- Cancer Information
- Living well
- Complementary therapies
- Safety concerns
- Warning signs to look out for
Warning signs to look out for
Keep the following warning signs in mind about any therapy or medicine you are thinking about using alongside or instead of a conventional treatment or medicine.
- Any claims that the treatment cures cancer and other illnesses.
- The treatment costs a lot of money, you need to pay in advance for several months’ supply or you can only buy it from the therapist.
- The medicine is not listed with the Therapeutic Goods Administration (TGA).
- The therapist is not qualified in the therapy they provide or not registered with a governing body or professional association.
- The therapist tells you not to use conventional treatment or medicine as it will stop their therapy or remedy from working.
- The therapist suggests changes to your conventional treatment, asks you not to talk to your doctors about the treatment, or won’t tell you what the ingredients are in a herbal preparation they give you.
- The therapist says there are clinical studies showing the effectiveness of their remedy or therapy, but does not show you any articles that have appeared in trustworthy journals reviewed by other scientists.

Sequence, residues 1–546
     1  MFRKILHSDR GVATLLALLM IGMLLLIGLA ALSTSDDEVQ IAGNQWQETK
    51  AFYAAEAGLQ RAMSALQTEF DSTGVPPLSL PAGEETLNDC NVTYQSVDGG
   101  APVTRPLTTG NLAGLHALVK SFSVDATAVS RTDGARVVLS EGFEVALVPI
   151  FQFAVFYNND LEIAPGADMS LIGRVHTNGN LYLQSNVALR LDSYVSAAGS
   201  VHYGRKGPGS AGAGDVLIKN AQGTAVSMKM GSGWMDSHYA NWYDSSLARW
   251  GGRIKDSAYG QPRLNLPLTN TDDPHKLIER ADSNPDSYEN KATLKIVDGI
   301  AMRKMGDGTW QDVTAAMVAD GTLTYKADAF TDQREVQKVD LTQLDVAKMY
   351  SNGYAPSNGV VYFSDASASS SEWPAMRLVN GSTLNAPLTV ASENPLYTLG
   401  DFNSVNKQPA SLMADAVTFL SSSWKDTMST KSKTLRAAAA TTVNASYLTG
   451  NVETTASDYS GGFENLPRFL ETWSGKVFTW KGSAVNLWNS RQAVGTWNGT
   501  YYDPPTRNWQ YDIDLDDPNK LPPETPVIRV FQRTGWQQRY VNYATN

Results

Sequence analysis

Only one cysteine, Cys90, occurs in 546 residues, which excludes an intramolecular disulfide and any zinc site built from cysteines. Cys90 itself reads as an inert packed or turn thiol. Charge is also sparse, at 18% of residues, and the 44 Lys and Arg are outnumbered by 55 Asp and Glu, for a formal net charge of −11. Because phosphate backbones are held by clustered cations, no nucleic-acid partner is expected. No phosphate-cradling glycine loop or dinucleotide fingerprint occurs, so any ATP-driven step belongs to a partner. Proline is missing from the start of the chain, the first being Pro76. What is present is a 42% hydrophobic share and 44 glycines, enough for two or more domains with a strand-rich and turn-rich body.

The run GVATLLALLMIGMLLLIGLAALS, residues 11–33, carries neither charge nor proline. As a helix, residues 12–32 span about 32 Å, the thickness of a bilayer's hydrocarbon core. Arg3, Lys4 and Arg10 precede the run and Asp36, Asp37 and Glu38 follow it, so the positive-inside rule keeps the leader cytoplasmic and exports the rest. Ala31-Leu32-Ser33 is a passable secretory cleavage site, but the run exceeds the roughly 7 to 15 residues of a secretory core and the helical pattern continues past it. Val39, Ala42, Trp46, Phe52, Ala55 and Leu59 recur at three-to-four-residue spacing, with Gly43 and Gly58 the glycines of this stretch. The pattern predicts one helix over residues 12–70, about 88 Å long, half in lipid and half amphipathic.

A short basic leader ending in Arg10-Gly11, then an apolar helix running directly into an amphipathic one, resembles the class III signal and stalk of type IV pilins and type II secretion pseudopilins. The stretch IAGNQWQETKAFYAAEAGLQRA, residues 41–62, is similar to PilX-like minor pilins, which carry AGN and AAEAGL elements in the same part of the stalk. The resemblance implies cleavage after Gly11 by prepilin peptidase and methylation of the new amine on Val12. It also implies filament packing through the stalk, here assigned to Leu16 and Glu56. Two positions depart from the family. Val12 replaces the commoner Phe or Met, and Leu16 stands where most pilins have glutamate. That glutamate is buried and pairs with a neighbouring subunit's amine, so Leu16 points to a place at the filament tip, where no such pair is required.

- The therapist says that the medicine has worked miraculously in other people.
- All potential side effects have not been explained.
- You need to travel overseas to have the treatment.
The Australian Competition and Consumer Commission (ACCC) tracks health and medical scams to help the public spot and avoid scams. To find out more, visit their websites at scamwatch.gov.au or accc.gov.au.
The right therapy for you will depend on your treatment goals. See Questions for your doctor for things to consider when choosing a complementary therapy and finding a complementary therapist.
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Download a PDF booklet on this topic.
Dr David Joske, Clinical Haematologist, Sir Charles Gairdner Hospital and PathWest, Chairman and Founder Solaris Cancer Care Foundation, Clinical Professor of Medicine, The University of Western Australia, WA; Australasian Integrative Medicine Association (AIMA); Dr Robert Blum, Clinical Director, Cancer Services, Bendigo Health, NSW; Sally Brooks, Senior Pharmacist, Medicines Information, Peter MacCallum Cancer Centre, VIC; Dr Suzanne Grant, Senior Research Fellow, NICM Health Research Institute, Western Sydney University, and Chris O’Brien Lifehouse, NSW; Prof Danforn Lim, Adjunct Professor and Advisory Board Member, NICM Health Research Institute, Western Sydney University, and Adjunct Professor, UTS, NSW; Christina Line, Statewide Services Senior Coordinator, Cancer Council WA; Jen McKenzie, Physiotherapist (Lymphoedema) and ESSA Accredited Exercise Physiologist, The McKenzie Clinic, QLD; Simone Noelker, Wellness Centre and Pastoral Care Manager, Ballarat Regional Integrated Cancer Centre, VIC; Dr Nirzari Pandit, General Practitioner, RACGP Specific Interests Integrative Medicine Group, NSW; Georgie Pearson, Consumer; Cris Pirone, Counsellor, Cancer Council SA; Dr Elysia Thornton-Benko, Specialist General Practitioner, and UNSW Research Fellow, NSW; Kirsty Trebilcock, 13 11 20 Consultant, Cancer Council SA.
View the Cancer Council NSW editorial policy.
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